Earlier today, I wrote a "breaking news story" article about the Evans trade. Now that some time has passed, I wanted to share my overall reaction to this trade from a forward-thinking perspective, as well as to share some reflections on the current state of the Bills organization.
Evans was a popular player in Buffalo, and was always a professional in handling the media following one losing season after another. Now he is gone the way of Paul Posluszny and Donte Whitner, ex-Bills high-draft picks that are now exiting the team stage left.
It is curious that three former Bills players that were drafted in either the first or second round have all departed the team in the span of 16 days, but a player like Aaron Maybin still remains.
There appears to be a disconnect between the current regime and the Bills prized veterans, considering that they were some of the Bills former high-draft picks that actually materialized into something of worthwhile value. It is not difficult to recall how many of the Bills prior high-draft picks that have been total busts.
Upon further reflection, the other main thought was that there appears to be mixed messages about what we can expect from the Bills in 2011. We painfully see Posluszny going to Jacksonville, and then we sign 30-year-old Nick Barnett as a replacement to keep the team competitive. So far, so good. But, then we trade away 30-year-old Lee Evans because we can get a fourth-round draft pick for him? Call it what you want to, but to my way of thinking that is one big mixed message.
Another aspect of this trade to consider is Chan Gailey's job security. If the trade means that Buffalo's offense is downgraded, and the team scores fewer points due to the absence of Evans stretching the field, then the team would be less competitive. It would be fair to worry that the Bills record does not show the necessary improvement to keep Gailey employed as the head man in Buffalo. It would be interesting to know what Gailey's private reaction to this trade was, off-camera of course.
Personally, I wondered if Evans had truly taken a step backwards after his 2010 disappointing season. After attending the very first night practice at St. John Fisher College on July 31st, I watched Evans in drills and he seemed to still have the fire and drive, and made plays throughout the practice session.
You would like to think that suffering through years of losing, that the veterans like Posluszny and Whitner could see that the rebuilding effort was starting to take hold and gain momentum, and that they would like to remain with the team to see the Bills back in the playoffs. Evans remained in the fold and stayed loyal to the Bills for all these years, but that is now all in the past.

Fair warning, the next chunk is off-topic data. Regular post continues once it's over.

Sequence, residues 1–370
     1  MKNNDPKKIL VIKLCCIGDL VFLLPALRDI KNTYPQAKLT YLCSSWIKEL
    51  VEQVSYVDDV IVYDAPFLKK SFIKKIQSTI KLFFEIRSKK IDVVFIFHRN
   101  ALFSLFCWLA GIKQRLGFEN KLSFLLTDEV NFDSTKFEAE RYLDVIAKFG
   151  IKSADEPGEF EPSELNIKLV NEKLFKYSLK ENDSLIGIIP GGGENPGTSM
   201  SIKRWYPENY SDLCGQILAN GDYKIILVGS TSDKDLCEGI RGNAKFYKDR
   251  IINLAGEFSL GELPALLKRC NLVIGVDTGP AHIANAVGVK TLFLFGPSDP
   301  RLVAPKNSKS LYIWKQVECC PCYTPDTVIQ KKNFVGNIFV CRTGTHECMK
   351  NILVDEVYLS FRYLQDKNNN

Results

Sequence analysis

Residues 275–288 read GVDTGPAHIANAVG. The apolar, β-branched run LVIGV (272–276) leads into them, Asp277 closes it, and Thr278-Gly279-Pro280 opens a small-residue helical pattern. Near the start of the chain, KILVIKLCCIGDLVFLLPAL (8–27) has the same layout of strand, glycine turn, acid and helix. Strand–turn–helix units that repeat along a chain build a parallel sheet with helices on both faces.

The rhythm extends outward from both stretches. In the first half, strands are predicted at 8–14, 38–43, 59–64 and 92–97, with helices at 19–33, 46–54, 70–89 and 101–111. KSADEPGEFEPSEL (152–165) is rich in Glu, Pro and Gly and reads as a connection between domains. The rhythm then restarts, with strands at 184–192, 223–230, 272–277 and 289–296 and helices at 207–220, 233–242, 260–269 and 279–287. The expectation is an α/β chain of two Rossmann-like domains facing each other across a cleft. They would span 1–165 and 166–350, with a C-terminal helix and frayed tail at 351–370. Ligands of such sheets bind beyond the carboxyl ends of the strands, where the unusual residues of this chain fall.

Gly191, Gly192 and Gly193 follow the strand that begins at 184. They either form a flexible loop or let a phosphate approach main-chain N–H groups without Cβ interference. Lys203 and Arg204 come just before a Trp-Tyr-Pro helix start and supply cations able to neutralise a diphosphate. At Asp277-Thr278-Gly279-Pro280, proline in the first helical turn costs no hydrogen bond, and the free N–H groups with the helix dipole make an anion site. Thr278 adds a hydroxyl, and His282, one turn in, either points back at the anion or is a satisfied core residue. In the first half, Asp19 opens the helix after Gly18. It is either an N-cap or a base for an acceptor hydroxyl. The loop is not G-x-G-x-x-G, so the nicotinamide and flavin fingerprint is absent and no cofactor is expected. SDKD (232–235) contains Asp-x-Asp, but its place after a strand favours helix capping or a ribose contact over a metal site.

What does this trade mean for the Bills organization going forward?
Clearly the promise or optimism that Bills fans had for the 2011 season should be downgraded. It is no accident that it took Stevie Johnson three years to finally fulfill his promise and blossom in the NFL. That is the traditional benchmark for wide receivers to come of age, their third year in the league.
So, it may be somewhat far-fetched for the Bills to expect breakout seasons emerging from the likes of sophomores David Nelson, Donald Jones, Marcus Easley and Naaman Roosevelt. While it is possible that their targets and receptions will increase, it is unlikely that any of them will approach the production that Stevie Johnson enjoyed in 2010.
Speaking of Johnson, most Bills fans will recall that his catches plummeted when Lee Evans' season ended after going on the I.R. list. Defenses shifted their attention to Johnson, and his productivity immediately went downhill. That aspect of what Evans brought to the table to keep defenses honest is somehow being lost in the shuffle or is conveniently forgotten.
The reality is that somebody will inevitably step forward and gain many more targets from Ryan Fitzpatrick than they were originally projected to receive. Beneficiaries could include Craig "Buster" Davis and Roscoe Parrish. In fact, the whole offense could see more targets now, which would include Fred Jackson, C.J. Spiller, Johnny White and the tight ends.
Now, we address the bottom line. For those of us that were thinking the Bills were going to finish 2011 with a record of anywhere from 6-10, 8-8 or even 10-6 with some good bounces of the ball, that type of thinking is probably no longer realistic.
Don't be surprised if the sophomore quartet of Nelson, Jones, Roosevelt and Easley goes through some early-season struggles as they attempt to take on greater responsibilities in the Bills offense. In fact, Stevie Johnson may struggle as well.
The likelihood of a .500 season in 2011 seems to have vanished.
I would love for the Bills to prove me wrong, but I am now thinking our record might revert back closer to where we finished in 2010 (4-12). But if that winds up being the final result, the Bills would probably find themselves very much in the thick of things to be able to draft Andrew Luck.
So, if we had the luxury to be able to see into the future and know that the Bills draft Luck, this trade could be viewed as a blessing and not a regret.
For one thing, the quartet of sophomore receivers will have one more solid year of experience under their belt and will be ready to break out in their third year in the league. Another factor is that Ryan Fitzpatrick's contract would be up. The Bills have signed Tyler Thigpen and Brad Smith to long-term contracts, so Luck would have some help to fall back on.
As long-time suffering Bills fans know only too well, we have learned to look for the silver lining, and that is what this exercise today is partially about.
Hope springs eternal, and that is what I keep telling myself. After today's news, I will be repeating that line over and over. Hang in there, Bills fans.